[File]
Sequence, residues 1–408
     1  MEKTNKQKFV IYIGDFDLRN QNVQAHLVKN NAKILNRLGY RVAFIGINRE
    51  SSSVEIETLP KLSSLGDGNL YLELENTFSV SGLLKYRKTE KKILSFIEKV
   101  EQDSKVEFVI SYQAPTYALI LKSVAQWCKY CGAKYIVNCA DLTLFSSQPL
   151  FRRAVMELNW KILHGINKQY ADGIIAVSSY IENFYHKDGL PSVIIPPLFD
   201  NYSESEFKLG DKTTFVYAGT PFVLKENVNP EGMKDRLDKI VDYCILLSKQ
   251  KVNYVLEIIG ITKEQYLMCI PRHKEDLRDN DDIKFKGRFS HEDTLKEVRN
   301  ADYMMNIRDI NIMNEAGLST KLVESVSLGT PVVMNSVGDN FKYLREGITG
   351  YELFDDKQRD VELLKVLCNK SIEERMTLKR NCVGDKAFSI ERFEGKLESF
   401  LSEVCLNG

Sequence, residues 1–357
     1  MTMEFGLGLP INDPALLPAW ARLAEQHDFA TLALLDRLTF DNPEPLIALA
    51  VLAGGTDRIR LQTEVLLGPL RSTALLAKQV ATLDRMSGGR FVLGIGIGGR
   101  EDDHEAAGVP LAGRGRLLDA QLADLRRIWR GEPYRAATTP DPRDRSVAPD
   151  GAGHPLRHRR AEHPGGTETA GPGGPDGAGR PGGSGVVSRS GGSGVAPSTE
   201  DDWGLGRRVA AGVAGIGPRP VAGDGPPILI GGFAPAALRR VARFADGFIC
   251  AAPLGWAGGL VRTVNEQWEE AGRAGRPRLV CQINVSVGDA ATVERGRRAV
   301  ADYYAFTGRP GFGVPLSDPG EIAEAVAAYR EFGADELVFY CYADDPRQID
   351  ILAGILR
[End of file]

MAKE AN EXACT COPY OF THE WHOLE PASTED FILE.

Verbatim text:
Sequence, residues 1–408
     1  MEKTNKQKFV IYIGDFDLRN QNVQAHLVKN NAKILNRLGY RVAFIGINRE
    51  SSSVEIETLP KLSSLGDGNL YLELENTFSV SGLLKYRKTE KKILSFIEKV
   101  EQDSKVEFVI SYQAPTYALI LKSVAQWCKY CGAKYIVNCA DLTLFSSQPL
   151  FRRAVMELNW KILHGINKQY ADGIIAVSSY IENFYHKDGL PSVIIPPLFD
   201  NYSESEFKLG DKTTFVYAGT PFVLKENVNP EGMKDRLDKI VDYCILLSKQ
   251  KVNYVLEIIG ITKEQYLMCI PRHKEDLRDN DDIKFKGRFS HEDTLKEVRN
   301  ADYMMNIRDI NIMNEAGLST KLVESVSLGT PVVMNSVGDN FKYLREGITG
   351  YELFDDKQRD VELLKVLCNK SIEERMTLKR NCVGDKAFSI ERFEGKLESF
   401  LSEVCLNG

Sequence, residues 1–357
     1  MTMEFGLGLP INDPALLPAW ARLAEQHDFA TLALLDRLTF DNPEPLIALA
    51  VLAGGTDRIR LQTEVLLGPL RSTALLAKQV ATLDRMSGGR FVLGIGIGGR
   101  EDDHEAAGVP LAGRGRLLDA QLADLRRIWR GEPYRAATTP DPRDRSVAPD
   151  GAGHPLRHRR AEHPGGTETA GPGGPDGAGR PGGSGVVSRS GGSGVAPSTE
   201  DDWGLGRRVA AGVAGIGPRP VAGDGPPILI GGFAPAALRR VARFADGFIC
   251  AAPLGWAGGL VRTVNEQWEE AGRAGRPRLV CQINVSVGDA ATVERGRRAV
   301  ADYYAFTGRP GFGVPLSDPG EIAEAVAAYR EFGADELVFY CYADDPRQID
   351  ILAGILR